FIELD OF THE INVENTION
- BACKGROUND OF THE INVENTION
The invention relates to a micromixing chamber. The invention also relates to a micromixer comprising a plurality of such micromixing chambers connected fluidically in series. The invention further relates to a method for manufacturing such a micromixing chamber, and a method for manufacturing such a micromixer. The invention also relates to a method for mixing by means of such a micromixing chamber, and a method for mixing by means of such a micromixer. In the context of the invention ‘micromixing chamber’ and ‘micromixer’ are understood to mean: ‘microstructural mixing chamber’ and ‘microstructural mixer’, wherein ‘microstructural’ is defined within the context of the present invention as: comprising at least one essential element or essential formation characterized by the very small size thereof, in particular within the range of 10−3 to 10−7 metre. The invention can advantageously be applied particularly in the field of microfluidics, in which the flows are generally of laminar nature.
Microfluidics is concerned with microstructural devices and systems with fluidic functions. This may relate to the manipulation of very small quantities of liquid or gas in the order of microlitres, nanolitres or even picolitres. Important applications lie in the field of biotechnology, chemical analysis, medical testing, process monitoring and environmental measurements. A more or less complete miniature analysis system or synthesis system can herein be realized on a microchip, a so-called ‘lab-on-a-chip’, or in specific applications a so-called ‘biochip’. The device or the system can comprise microchannels, mixers, reservoirs, diffusion chambers, integrated electrodes, pumps, valves and so forth. The microchip is usually constructed from one or more layers of glass, silicon or a plastic such as a polymer. Glass in particular is highly suitable for many applications due to a number of properties. Glass has thus been known for many centuries and many types and compositions are readily available at low cost. In addition, glass is hydrophilic, chemically inert, stable, optically transparent, non-porous and suitable for prototyping; properties which in many cases are advantageous or required.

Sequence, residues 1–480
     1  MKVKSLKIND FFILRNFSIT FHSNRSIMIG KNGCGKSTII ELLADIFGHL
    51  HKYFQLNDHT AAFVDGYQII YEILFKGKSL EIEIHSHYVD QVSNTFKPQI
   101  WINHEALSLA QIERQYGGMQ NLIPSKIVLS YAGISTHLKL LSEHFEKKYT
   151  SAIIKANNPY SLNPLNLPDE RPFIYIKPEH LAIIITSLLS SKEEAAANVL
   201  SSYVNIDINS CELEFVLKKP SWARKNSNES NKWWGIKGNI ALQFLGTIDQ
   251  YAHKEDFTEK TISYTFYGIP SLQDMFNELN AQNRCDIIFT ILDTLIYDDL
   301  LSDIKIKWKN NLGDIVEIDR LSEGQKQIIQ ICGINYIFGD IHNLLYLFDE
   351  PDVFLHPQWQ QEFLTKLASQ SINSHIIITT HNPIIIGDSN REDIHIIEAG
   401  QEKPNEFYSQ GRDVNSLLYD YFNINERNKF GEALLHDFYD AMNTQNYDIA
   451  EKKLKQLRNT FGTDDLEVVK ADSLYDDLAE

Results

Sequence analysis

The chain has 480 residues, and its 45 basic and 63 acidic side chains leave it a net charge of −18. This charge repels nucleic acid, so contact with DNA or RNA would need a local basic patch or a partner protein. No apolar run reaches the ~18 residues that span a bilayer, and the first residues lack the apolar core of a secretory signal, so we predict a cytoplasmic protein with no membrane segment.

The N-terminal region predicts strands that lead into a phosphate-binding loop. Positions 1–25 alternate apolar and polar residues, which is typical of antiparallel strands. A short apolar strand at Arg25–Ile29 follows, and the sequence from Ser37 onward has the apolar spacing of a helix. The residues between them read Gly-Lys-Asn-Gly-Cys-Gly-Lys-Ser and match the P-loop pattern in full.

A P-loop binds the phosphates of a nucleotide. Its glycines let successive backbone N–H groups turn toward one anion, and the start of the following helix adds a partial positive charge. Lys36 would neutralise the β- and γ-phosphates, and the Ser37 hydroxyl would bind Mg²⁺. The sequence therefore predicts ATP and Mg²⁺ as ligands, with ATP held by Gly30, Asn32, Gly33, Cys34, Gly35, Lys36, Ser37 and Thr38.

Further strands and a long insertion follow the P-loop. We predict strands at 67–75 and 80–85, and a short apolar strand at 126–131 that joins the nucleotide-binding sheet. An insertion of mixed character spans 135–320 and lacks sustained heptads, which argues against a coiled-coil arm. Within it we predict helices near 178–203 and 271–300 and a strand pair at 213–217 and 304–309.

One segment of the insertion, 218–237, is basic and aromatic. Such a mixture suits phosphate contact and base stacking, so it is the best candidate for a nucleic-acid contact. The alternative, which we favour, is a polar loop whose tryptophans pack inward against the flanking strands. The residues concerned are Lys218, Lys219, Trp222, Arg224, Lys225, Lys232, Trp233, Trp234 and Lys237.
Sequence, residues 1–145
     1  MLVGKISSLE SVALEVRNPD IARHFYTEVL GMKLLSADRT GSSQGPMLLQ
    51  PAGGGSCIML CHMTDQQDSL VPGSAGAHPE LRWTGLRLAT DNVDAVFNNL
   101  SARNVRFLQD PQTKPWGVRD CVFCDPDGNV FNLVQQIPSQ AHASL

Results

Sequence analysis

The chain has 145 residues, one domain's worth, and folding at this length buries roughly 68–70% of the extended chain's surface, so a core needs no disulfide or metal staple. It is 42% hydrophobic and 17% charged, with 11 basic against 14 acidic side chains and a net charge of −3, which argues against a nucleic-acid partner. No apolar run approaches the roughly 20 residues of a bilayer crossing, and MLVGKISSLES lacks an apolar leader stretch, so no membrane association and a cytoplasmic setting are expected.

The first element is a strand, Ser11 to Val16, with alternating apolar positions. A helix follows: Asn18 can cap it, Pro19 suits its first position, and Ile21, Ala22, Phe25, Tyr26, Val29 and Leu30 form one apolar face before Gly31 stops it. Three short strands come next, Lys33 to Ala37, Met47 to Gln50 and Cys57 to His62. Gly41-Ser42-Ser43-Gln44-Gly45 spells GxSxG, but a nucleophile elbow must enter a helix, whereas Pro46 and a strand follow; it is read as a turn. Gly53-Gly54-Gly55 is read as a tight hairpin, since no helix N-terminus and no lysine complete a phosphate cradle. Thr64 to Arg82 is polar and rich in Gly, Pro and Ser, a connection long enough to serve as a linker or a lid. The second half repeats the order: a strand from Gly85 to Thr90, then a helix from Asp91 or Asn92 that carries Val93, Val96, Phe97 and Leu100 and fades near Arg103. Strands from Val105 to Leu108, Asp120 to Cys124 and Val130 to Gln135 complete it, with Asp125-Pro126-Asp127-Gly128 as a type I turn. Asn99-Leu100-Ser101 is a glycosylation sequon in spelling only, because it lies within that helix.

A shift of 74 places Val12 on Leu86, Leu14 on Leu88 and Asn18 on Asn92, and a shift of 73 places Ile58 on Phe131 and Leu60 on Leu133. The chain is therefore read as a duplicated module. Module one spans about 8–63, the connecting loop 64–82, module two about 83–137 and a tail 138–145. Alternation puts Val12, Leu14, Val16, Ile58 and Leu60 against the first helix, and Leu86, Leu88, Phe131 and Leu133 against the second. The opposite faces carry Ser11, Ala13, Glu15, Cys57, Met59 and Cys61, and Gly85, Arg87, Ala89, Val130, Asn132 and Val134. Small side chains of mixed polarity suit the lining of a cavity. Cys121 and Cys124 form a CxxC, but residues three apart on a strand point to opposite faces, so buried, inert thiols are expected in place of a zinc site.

In many fluidic devices one or more volumes or flows have to be mixed. The Reynolds number, which indicates the ratio between the occurring inertia forces and viscous forces, will generally be so low in microfluidic devices, usually a maximum of about 500, that we are dealing with laminar flow and turbulence cannot be achieved, so that in principle mixing of flowing volumes does not occur. In order to nevertheless bring about mixing it is possible to make use of active or passive mixing. Active or dynamic micromixers comprise moving parts which set the relevant media into motion, although this is also possible by applying for instance pressure differences or with ultrasound. Such mixers are however complex and often difficult to make, and therefore expensive. In passive or static micromixers flows are ‘folded and deformed’ by opting for a determined geometry and specific dimensions of the channels, tunnels, passages and so on such that the interfaces between volumes are enlarged. The diffusion areas will thus be enlarged and the diffusion distances will decrease, whereby mixing by diffusion is more likely. The flows can here for instance be split, rotated and subsequently recombined, see for instance WO 2005/063368. Diffusion can also be enhanced by bringing about a transverse flow component, i.e. perpendicularly of the main direction of a flow, by means of grooves or protrusions arranged for this purpose in the wall of a microfluidic channel, see WO 03/011443. Many more other embodiments of passive or static micromixers are thus known, to be found for instance in patent documents classified in B01F13/00M (European classification).